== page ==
One of the basic British reforms of the nineteenth century that enabled improvements for the middle-class and then the working-class, was the introduction of differential tax scales.
We have observed that the present mode is – if a person of £100 a year pays £10, a man of £1000 pays £100 a year. In this case the former gives up something highly useful if not necessary to his family whilst the latter gives up nothing but what is in a much less degree useful, and bordering on such as are superfluous. What a man of £10 000 a year gives up is in a still less degree useful, and approaching still nearer to what is superfluous. It would be desirable that the part each rich man should pay towards the taxes should be regulated by some gradually increasing series.
The policy decision to change the basis of taxation shifted society and created a different nation with a lot more opportunity and mobility. It was not just the levying of taxes that contributed, but governments continuing to use public revenue to build the whole society, rather than a section of it.
The argument that government support for education should be “equal” in the sense of the same dollar value per child, ignores the lessons of nineteenth century reform. If we want a society that encourages the contribution of all citizens and values egalitarianism, we need to give weight to the Gospel wisdom that to those to whom much is given, much is expected, using the wealth of our community to provide a high standard of education to the least advantaged in our society.
This is not altruism. We do this to build a better, stronger society – including a stronger economy. We do it to build the kind of society we want to live in, remembering we are as strong as our weakest link. The fact that PISA and NAPLAN results in Australia identify a performance gap based on socio-economic status is both shameful and an indicator of weakness in our social fabric.
School funding policies need to change and so perhaps does our concept of public education. Current policies are the result of successive compromises over decades and no longer tell a coherent story to electors.
All schools that accept public money are in some sense public schools. Perhaps it would help to be more explicit about this. A public park is one for use by all, funded by public monies, in the upkeep, if not always in the original purchase. A public right-of-way provides a pathway for everyone between private properties. Publicly funded or maintained entities are open to the public.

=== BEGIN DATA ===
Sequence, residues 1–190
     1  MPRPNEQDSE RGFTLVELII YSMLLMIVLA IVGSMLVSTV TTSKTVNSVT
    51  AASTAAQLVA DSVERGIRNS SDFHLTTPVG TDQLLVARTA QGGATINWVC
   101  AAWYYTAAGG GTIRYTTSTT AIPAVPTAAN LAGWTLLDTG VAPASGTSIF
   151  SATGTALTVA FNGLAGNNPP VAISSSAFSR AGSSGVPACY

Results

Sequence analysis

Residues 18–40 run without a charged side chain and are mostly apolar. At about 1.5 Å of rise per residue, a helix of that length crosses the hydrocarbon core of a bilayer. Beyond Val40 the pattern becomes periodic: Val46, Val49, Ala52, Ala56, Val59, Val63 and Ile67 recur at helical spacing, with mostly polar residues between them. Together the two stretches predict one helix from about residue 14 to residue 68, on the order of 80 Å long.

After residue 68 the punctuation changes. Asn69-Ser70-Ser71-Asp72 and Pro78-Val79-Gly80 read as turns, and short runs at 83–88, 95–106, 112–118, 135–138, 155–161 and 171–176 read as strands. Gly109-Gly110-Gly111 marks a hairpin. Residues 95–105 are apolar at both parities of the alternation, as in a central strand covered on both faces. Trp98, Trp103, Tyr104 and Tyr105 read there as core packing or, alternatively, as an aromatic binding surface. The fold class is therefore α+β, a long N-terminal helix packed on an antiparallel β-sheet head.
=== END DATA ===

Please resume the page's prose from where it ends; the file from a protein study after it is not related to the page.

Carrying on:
The bottom line for public education is the need to provide schooling for every child, no matter how poor, disabled, unruly or delinquent. I have no problem with public funding for non-government schools. I see a problem however, with significant public funding supporting schools that do not accept the responsibility of educating every child.
Perhaps there is a continuum from no government funding through to full government funding, the degree of funding reflecting the level of public responsibility accepted. Those schools that accept the responsibility of taking all students who wish to enrol, regardless of ability to pay, belief system, behavioural or learning difficulties, should be publicly supported to the full. Those who reserve the right to refuse entry receive funding only to the level they are prepared to be ‘public’ – sharing their grounds, or their buildings or their staff – a kind of public right-of-way.
We are not going to remove the policy of choice, nor the funding for non-government schools. The issue of government versus non-government schooling is in the past. It is the responsibility and obligation that goes with public funding that needs to be rethought. In the end the issue is public funding and public ownership, not who runs the school or whether the funding comes from State or Federal governments.
If we want to continue to be an egalitarian society we need to avoid a stratified education system. A better concept of public education might be a way through.